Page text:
Oh baby, it's hot! Some tots seek shady shelter during the July 1911 heat wave.
The New York Tribune of July 7, 1911, says it all: "Heat's Scythe Mows Down 56 On Fifth Day."
The city was in the midst of a devastating heatwave gripping in the entire Northeast during the first two weeks of July 1911. There was little escape from the scorching temperatures among the cramped tenements. New York's beaches offered some respite, but you had to cram into a sweltering train cabin to get there. Rudimentary air conditioning had only been invented a few years before and was hardly widespread.
In New York, the thermometer never broke a 100 degrees like it did in Washington or Boston. But the humidity was deadly, and the city too crowded and ill-prepared for such withering conditions.
Below: A disturbing infographic from the Tribune
Naturally, the brand new subway was not the place to be either. Riders going from the Brooklyn Bridge to Grand Central suffered a 45 minute ride, and a few passengers passed out. But others underground found relief from the heat; workers drilling the Penn Railroad tunnels under the Hudson River reported luxuriously cool temperatures in the 60s.
The sizzling conditions literally drove people insane. One drunken fool, "partly crazed by the heat," attacked a policeman with a meat clever. A child on Tenth Avenue, escaping to the rooftop for relief, tumbled down an air shaft. The hospital was filled to capacity. Staten Island's fire commissioner succumbed to the heat and died in his home.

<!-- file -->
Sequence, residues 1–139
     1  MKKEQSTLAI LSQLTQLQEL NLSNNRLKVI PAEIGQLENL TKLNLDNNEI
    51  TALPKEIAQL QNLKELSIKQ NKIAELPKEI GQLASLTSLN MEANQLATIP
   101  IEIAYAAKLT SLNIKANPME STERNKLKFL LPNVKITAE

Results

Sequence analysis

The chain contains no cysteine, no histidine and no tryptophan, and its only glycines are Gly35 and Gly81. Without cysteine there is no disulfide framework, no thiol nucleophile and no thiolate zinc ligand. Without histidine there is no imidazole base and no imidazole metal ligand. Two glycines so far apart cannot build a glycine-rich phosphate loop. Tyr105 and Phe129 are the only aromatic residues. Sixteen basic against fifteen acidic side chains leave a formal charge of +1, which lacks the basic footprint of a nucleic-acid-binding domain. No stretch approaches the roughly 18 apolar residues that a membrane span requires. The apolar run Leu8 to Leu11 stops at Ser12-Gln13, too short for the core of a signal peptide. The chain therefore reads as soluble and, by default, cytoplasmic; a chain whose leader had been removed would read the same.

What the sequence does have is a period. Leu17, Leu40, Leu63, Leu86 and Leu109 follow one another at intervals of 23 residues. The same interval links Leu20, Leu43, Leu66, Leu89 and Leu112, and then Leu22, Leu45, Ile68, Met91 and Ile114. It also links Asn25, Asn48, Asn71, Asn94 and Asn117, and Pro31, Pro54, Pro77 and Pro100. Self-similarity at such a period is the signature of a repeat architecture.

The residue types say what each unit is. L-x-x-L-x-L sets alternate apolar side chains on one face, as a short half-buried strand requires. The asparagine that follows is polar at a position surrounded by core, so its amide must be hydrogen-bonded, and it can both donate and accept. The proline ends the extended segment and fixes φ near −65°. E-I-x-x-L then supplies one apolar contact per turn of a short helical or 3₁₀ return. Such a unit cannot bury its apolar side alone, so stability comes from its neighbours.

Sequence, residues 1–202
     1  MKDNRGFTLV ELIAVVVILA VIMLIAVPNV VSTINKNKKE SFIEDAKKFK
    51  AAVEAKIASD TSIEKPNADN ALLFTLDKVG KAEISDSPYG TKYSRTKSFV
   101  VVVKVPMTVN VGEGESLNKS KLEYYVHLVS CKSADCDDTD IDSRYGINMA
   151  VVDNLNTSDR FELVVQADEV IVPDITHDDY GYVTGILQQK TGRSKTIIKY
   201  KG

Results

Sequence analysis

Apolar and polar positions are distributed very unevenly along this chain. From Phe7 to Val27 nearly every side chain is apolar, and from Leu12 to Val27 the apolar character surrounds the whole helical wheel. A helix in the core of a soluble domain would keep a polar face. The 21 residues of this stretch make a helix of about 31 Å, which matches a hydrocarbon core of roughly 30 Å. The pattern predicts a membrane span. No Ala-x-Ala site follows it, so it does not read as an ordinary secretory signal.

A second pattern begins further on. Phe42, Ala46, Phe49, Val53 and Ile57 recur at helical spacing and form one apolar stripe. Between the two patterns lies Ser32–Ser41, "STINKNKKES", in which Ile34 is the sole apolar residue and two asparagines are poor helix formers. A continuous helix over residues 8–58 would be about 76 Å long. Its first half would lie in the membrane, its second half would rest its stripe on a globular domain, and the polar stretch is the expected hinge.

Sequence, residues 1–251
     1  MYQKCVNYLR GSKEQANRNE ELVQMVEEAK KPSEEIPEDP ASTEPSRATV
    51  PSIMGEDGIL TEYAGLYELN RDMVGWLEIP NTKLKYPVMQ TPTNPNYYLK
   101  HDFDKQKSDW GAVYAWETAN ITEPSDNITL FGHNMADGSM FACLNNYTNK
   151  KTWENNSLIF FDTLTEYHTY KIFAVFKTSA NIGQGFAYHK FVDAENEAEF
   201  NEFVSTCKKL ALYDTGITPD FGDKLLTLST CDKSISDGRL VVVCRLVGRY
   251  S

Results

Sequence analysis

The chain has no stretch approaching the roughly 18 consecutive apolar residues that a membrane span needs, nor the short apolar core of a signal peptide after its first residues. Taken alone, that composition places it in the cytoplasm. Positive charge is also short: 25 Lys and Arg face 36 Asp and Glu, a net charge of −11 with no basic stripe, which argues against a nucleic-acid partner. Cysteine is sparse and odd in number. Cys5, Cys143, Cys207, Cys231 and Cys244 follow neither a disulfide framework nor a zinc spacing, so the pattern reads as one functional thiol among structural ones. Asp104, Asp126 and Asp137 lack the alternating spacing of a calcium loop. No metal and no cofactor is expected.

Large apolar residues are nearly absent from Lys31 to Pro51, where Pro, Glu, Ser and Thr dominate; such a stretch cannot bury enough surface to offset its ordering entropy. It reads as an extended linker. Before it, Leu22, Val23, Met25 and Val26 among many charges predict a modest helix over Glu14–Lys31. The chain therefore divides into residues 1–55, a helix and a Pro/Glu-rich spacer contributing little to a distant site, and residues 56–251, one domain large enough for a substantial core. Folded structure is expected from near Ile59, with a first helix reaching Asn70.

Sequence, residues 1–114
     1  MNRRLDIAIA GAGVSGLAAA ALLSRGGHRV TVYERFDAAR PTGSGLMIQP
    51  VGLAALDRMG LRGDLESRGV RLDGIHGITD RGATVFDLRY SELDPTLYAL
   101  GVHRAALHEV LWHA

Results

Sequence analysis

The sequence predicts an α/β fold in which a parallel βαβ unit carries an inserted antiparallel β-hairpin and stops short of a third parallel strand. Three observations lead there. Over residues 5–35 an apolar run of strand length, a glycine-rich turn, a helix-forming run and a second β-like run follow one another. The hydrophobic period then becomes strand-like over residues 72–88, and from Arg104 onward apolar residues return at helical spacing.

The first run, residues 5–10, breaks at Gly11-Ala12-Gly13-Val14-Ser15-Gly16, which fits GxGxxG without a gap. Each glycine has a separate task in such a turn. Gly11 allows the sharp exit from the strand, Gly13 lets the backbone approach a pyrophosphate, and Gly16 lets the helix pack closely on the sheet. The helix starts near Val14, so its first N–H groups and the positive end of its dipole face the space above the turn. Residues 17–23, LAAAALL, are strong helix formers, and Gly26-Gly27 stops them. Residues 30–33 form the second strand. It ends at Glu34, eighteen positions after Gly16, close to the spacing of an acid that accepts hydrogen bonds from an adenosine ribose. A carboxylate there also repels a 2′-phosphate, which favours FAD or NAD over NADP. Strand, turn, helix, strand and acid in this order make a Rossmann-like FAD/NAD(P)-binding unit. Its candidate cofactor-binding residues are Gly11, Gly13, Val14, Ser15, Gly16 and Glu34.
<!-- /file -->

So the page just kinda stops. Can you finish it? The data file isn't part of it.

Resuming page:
After July 7th, the temperatures dipped to normal levels but the humidity kept the city in sweaty discomfort. Or as the Tribune dramatically states: "The monstrous devil that had pressed New York under his burning thumb for five days could not go without one last curse, and when the temperature dropped called humidity to its aid."
By the time rain came to relieve the city, a reported 211 people had fallen to heat-related deaths. But the largest number of victims came from New York's army of horses, trudging by the thousands through the city's busy, stagnant streets. The New York Times estimates that over 600 animals died during the heat wave, so many that the city was unable to pick up all the bodies from the streets. Frequently seen were dead animals pushed to the sides of the road. Add in the oppressive humidity, and I'll leave you to imagine how horrific it would have been to experience.
Under better care were the deer of Central Park. (Yes, Central Park once had deer wandering around.) When two deer collapsed of sunstroke, the animals were taken inside and given brandy to drink.
Below: Not all horses suffered that July. Henry Burgh's American Society for the Prevention of Cruelty to Animals was out in force with water buckets. Picture courtesy NYPL